Queso: Regional Recipes for the World's Favorite Chile-Cheese Dip by Lisa Fain | Homesick Texan

Because I’ve become a queso nerd, I could continue but for now I will let you go so you can grab your own copy of QUESO! and start cooking. Though if you would like to discuss queso with me in person, please come see me on tour—I would love to visit with you!

As always, thank you for reading and for your encouraging words. You make this all worthwhile and I am so grateful. This project has brought me immense joy and I’m delighted to finally share that joy with you. So, grab your chips, your cheese, your chiles, and your loved ones, and enjoy the glory of queso!

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You can buy QUESO! wherever books are sold, such as these fine establishments:
Amazon
Barnes & Noble
Indiebound
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If you're in New York, this Thursday, September 28, please join me at Bloomindales on 59th from 6-8. It's an evening of queso and cocktails with NY Times spirits writer Robert Simonson. We'll both be sharing food and drinks and doing demonstrations! This event is free.

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34 comments:

Coop said...

Congratulations on the new book!

Lisa Fain (Homesick Texan) said...

Coop--Thank you!

Anonymous said...

My copy of the book just arrived and everything looks so tempting. I think El Paso huevos rancheros will be a good choice for breakfast tomorrow. Thanks for yet another fab book. Carol

Lisa Fain (Homesick Texan) said...

Carol--That's a fine way to begin the morning! Happy cooking!

Anonymous said...

My copy arrived today. I was thrilled to see a recipe to recreate Torchy's Queso! I can't wait to try it.

Also, have you tried using Land O Lakes Extra Melt cheese? I've read a lot of restaurants use that instead of Velveeta.

Lisa Fain (Homesick Texan) said...

Anon--Yes, I have used it before and it has a nice flavor. It's hard to get, however, unless you're in the trade, and I find that regular American cheese (vs. Velveeta), achieves that same creamy flavor, though you do need to use a bit of starch to keep the queso from breaking. An extra step, but not a difficult one!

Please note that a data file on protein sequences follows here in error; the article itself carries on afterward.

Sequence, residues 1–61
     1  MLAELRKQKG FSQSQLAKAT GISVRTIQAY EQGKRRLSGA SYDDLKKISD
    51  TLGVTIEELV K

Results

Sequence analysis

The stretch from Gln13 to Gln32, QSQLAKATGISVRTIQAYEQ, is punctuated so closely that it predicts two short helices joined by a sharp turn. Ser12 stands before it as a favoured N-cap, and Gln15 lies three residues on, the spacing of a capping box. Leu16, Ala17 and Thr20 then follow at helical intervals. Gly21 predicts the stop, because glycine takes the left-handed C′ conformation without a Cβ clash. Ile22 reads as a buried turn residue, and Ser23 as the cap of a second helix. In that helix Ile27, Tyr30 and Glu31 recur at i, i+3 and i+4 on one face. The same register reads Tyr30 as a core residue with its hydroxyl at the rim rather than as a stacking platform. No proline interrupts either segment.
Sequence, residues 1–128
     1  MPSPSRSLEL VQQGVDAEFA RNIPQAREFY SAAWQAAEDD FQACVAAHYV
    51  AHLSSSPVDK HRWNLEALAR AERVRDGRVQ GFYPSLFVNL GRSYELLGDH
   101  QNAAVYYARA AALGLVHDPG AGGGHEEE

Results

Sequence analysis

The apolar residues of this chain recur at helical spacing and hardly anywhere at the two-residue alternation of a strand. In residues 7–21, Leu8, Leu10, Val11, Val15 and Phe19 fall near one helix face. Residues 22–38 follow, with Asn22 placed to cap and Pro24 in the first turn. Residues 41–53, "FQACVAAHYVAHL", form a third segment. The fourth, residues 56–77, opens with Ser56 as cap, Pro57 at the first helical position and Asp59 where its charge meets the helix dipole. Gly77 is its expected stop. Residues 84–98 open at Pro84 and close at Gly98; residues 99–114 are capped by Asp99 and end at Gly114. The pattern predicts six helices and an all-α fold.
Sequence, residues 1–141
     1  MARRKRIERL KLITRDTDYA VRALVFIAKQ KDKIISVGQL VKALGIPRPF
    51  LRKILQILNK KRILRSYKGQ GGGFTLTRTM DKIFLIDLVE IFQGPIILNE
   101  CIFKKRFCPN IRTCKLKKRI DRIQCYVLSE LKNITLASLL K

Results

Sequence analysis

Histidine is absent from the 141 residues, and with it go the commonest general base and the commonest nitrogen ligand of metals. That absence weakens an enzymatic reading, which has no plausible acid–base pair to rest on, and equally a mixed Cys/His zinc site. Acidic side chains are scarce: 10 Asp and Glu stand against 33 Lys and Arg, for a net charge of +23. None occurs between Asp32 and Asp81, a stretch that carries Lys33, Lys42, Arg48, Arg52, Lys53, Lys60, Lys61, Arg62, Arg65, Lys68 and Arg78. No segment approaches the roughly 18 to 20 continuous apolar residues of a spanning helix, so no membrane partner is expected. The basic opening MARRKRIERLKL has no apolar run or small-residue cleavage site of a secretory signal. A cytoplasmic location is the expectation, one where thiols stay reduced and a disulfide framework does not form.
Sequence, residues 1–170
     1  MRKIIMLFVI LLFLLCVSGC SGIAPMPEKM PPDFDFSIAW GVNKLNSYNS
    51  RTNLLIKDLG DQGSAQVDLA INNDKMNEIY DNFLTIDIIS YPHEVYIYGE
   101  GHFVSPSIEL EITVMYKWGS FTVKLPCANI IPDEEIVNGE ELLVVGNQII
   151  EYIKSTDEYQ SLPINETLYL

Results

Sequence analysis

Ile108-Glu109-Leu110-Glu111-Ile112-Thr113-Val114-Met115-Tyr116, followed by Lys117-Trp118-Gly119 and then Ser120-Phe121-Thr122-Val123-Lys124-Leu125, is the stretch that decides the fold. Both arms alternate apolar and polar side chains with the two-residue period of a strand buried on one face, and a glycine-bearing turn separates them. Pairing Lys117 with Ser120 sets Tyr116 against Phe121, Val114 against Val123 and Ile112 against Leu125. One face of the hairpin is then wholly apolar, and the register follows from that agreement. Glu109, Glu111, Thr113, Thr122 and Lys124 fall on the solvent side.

Anonymous said...

When's the national tour? Come to San Francisco!
Can't wait to get the book.
-Chris

Rosa said...

Got my copy today! Just in time for my birthday!! ­čśä

Lisa Fain (Homesick Texan) said...

Chris--I'd love to visit out west! Will keep you posted if I make it there.

Lisa Fain (Homesick Texan) said...

Rosa--Happy birthday and have fun with the book!

jenifer said...

I was THRILLED to get this in the mail today! YAY :)

Lisa Fain (Homesick Texan) said...

Jenifer--Thank you for ordering and enjoy the book!

Jeri said...

Oh I can't wait to get s copy! We've been in Virginia now for 4 years and if we haven't learned to make a dish ourselves, we just don't eat it. There is a Chuys that opened in Richmond but it's not as great as real TexMec to us. Looking forward to your book.

Lisa Fain (Homesick Texan) said...

Jeri--Thank you! And I've also found that cooking Tex-Mex at home is the best way to get the flavor that you want.

Finding the Happy said...

Please come to Nashville on tour! Do you know how many Homesick Texans there are here and no decent Queso (except at Chuy's)?

Lisa Fain (Homesick Texan) said...

Finding the Happy--I'd love to visit Nashville!

Anonymous said...

I received my copy last week! It will be a great Christmas gift for my family! Thanks for letting us help you with the taste testing, it was a blast! Let me know when you're ready for the next venture! Especially if you can include Fort Worth! My door is always open and there is always food!
Lisa in Fort Worth

Lisa Fain (Homesick Texan) said...

Lisa-Thank you so much for all your assistance! I will holler next time I'm in Fort Worth!

Anonymous said...

Congrats upon the release of your fabulous recipe book..If we had not just had our paid for pristine car totaled I would run out and get it but I will wait til Hanukkah when our only comes home from NYC and she will fetch it for me as she adores Queso in any form..I know you will a bagillion copies as your a spectacular authoress and cook!